Shani Davis

U.S. Olympic Speed Skating Trials preview

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Up to 20 more athletes will qualify for Sochi at the U.S. Olympic Speed Skating Trials in Salt Lake City over the next week.

The U.S. has won more medals in speed skating than any other Winter Olympic sport, and it is projected to add to that total of 67 in Sochi.

Shani Davis is a four-time Olympic medalist and entered in both of his Olympic medal events this week — the 1000m (Sunday) and 1500m (Tuesday) — and the 500m (Saturday).

Davis, 31. is not entered in the 5000m, an event he competed in at the 2010 Olympics. This is not surprising as Davis has pared his schedule in recent seasons as he’s fought injury.

World sprint champion Heather Richardson and world record holder Brittany Bowe are expected to be the top U.S. women in the 500m, 1000m and 1500m. They are Sochi Olympic medal threats along with Davis.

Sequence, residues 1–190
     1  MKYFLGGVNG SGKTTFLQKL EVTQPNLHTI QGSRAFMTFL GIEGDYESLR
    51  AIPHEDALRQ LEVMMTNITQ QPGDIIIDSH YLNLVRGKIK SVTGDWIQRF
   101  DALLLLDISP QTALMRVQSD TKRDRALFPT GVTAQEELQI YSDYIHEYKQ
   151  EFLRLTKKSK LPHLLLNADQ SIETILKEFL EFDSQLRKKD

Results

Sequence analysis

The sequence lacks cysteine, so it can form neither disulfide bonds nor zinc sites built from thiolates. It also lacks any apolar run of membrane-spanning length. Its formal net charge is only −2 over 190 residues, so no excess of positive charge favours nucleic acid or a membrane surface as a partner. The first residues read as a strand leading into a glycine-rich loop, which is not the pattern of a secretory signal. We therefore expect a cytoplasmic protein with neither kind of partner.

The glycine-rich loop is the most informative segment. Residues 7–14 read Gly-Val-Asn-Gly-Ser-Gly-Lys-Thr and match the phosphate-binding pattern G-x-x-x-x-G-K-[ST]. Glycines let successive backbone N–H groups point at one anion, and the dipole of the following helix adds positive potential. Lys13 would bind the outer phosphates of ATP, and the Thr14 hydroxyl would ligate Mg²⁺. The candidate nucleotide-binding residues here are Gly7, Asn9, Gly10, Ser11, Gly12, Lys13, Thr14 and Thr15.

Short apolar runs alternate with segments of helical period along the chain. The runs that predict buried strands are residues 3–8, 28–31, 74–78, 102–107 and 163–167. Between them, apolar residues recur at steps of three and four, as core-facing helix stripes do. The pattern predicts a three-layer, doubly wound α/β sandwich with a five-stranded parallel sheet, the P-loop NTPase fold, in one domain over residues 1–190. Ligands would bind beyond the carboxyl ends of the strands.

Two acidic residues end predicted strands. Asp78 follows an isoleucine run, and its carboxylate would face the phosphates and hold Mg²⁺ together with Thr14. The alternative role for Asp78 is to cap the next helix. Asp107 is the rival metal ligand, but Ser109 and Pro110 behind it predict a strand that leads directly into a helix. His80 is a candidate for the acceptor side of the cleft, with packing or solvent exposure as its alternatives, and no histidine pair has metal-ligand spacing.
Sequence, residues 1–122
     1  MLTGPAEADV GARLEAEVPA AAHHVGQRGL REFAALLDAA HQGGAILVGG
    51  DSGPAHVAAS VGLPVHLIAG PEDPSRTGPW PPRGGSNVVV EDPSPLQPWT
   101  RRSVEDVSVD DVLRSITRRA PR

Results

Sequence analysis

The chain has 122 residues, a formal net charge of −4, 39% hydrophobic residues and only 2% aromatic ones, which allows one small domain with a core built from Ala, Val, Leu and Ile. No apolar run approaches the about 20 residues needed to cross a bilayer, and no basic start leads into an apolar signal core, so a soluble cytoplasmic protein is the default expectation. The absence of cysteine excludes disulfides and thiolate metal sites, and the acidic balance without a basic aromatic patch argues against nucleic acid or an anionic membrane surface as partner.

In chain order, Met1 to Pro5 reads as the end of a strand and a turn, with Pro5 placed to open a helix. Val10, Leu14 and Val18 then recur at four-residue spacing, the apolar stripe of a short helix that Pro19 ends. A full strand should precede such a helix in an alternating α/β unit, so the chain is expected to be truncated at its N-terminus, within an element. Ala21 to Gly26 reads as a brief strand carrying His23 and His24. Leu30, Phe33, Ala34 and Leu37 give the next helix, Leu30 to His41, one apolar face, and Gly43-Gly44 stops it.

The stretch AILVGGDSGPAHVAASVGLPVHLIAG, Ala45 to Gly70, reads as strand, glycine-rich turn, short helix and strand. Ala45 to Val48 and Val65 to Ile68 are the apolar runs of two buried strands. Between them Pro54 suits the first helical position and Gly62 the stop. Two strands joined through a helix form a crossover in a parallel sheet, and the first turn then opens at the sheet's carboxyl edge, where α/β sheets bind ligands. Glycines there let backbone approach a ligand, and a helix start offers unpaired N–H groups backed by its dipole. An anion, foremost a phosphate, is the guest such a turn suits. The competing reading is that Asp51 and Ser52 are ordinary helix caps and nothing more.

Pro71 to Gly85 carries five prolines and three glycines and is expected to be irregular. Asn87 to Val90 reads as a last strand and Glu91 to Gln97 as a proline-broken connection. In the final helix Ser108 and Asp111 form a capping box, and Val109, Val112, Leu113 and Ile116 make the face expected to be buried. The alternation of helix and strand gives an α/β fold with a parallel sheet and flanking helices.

Here’s the Olympic Trials schedule (all times Eastern):

Friday — Men’s 5000m/Women’s 3000m, 5:30 p.m. (NBCSN,  8 p.m.)
Saturday — Men’s/Women’s 500m, 11:30 a.m. (NBC, 3 p.m.)
Sunday — Men’s/Women’s 1000m, 1:30 p.m. (NBC, 3 p.m.)
Tuesday — Men’s/Women’s 1500m, 5 p.m. (NBCSN, 6 p.m.)
Wednesday — Men’s 10,000m/Women’s 5000m, 3:30 p.m. (NBCSN, 5 p.m.)

The U.S. cannot send more than 10 men and 10 women to the Sochi Olympics, even though it qualified more than 10 quota spots across all distances via World Cup results.

Therefore, it will help if Davis, Richardson, Bowe and others qualify for the team in multiple events.

The U.S. could have up to four Olympic entries each in the men’s and women’s 500m and 1000m and the men’s 1500m. It could have up to three in the women’s 1500m and men’s 5000m. It could have up to two in the women’s 3000m and one in the women’s 5000m and men’s 10,000m.

Here’s an event-by-event preview of the U.S. Olympic Speed Skating Trials:

Men’s 500m
Maximum Olympic entries: Four
Contenders: Tucker Fredricks, Mitchell Whitmore, Joey Mantia, Jonathan Garcia, Shani Davis

Fredricks, 29, is a two-time Olympian, but his best results have not come at the Games (25th and 12th). At his best, he has threatened the best in the world.